The easiest solution is not always the best. It is more effective if you choose the best methodology for each single project based on its nature. Scrum doesn’t fit all projects’ needs. Kanban is another agile methodology that, believe it or not, works more smoothly for at least one type of project. But what type?
As more organizations become agile, clear, real-time communication becomes increasingly important. Here are a few tips to keep in mind to ensure your communication remains effective a new fast-paced environment.
What is the ideal tester-to-developer ratio for the development team? On the surface, this might sound like a perfectly reasonable question—one that should be easy for an experienced practitioner to answer. However, when you look deeper into the question, you will see that it has layers of underlying assumptions—including ones about corporate culture, politics and the likely skills of their own staff.
This real-world example looks at how agile principles were applied to an international company’s global ERP project. It discusses how agile was used to provide continuous feedback into how the project operates. It discusses many of the company’s lessons learned and how it solved challenges in a typical waterfall environment using agile principles.
How should a team calculate realistic velocity? How fast should a team go? The assumption of higher velocity points is a reality in agile projects, and the ability to adjust to the "right" velocity is a challenge posed to every agile team. Quickly adjusting the team velocity with respect to the sprint backlog is critical in accomplishing the delivery of the scope of the planned release.
Question: Whether I’m working on an agile or a waterfall project, we always get an overload of features or activities to complete. In theory, it sounds easy to prioritize them; but in practice, that’s where most of our projects bog down. Defining the order becomes a politely disguised free-for-all. At the end, while we may be able to set up the project, I’m still not convinced that we have made the best long-term choices for the company in our selection of which items we have elected to implement. Is there a fresh way to handle these decisions?
The manager or product owner who pays for the project always has the final vote. Even if you know he or she is missing important viewpoints, you should accept those decisions and work your hardest to make them deliverable. If it goes astray, it’s not your problem.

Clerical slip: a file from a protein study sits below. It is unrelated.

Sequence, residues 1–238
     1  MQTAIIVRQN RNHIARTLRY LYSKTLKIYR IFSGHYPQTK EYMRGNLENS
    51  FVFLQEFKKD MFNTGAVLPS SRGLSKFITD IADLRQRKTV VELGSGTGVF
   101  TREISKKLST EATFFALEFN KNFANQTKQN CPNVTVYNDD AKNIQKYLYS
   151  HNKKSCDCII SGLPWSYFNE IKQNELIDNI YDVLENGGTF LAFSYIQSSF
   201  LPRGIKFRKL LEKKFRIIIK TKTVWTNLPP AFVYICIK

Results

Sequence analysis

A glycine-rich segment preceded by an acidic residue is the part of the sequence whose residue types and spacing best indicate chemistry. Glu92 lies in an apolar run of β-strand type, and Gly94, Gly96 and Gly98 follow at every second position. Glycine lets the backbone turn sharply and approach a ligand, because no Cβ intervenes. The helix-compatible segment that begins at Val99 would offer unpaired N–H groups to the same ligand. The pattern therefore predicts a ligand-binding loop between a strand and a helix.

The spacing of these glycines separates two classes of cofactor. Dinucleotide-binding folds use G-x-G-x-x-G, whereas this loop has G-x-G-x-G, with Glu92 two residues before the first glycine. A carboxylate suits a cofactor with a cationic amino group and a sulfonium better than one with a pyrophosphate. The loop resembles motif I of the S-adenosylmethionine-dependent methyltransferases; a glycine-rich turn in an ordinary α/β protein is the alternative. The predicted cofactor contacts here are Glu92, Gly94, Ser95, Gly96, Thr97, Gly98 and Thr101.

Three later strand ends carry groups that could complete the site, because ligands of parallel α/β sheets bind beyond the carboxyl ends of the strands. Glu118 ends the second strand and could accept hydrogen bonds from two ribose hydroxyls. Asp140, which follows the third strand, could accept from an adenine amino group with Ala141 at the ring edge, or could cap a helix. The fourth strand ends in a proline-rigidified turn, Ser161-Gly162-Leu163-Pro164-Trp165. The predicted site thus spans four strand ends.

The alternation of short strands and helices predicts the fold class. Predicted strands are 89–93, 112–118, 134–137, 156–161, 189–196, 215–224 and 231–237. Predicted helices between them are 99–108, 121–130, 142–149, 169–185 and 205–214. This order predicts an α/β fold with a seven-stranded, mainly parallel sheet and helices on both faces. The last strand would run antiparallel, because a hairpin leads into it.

A business analysis tool, the Purpose Alignment Model, may be a fresh insight for your management and your team into which items on a Scrum Backlog or a project management plan should be prioritized and which should be done with a minimal amount of cost and effort. Try this fresh approach for a new view of your project work.
Rapid application development (RAD), which uses fourth-generation languages and frameworks such as low-code development web applications, is a technique one can use across all industries and on all types of projects. Get a clearer look about the value of each product feature by switching to RAD.
Some purposeful activities in modern corporations are not appropriate for project management techniques. Only governmental and not-for-profit entities can gain value by their use, since the need to get a profit or any return on investment is limited in these types of organizational structures.
What happens when you are not part of an agile development team? If you aren’t exercising your planning rituals and weekly sprints, will you lose muscle memory? Or is there an opportunity to apply what you know to better all aspects of what you do?
Implementing a hybrid methodology can be more effective and useful to your project needs, because traditional approaches can sometimes be too heavy and complex for incremental projects. Here, a practitioner shares his experiences consulting on a project.
Should ScrumMasters ever attend the daily scrum or stand-up meeting? As a guiding principle, agile values self-organizing and self-managing teams, but let’s explore five scenarios where the presence, and perhaps even participation, of a ScrumMaster could be helpful if they adhere to a specific role.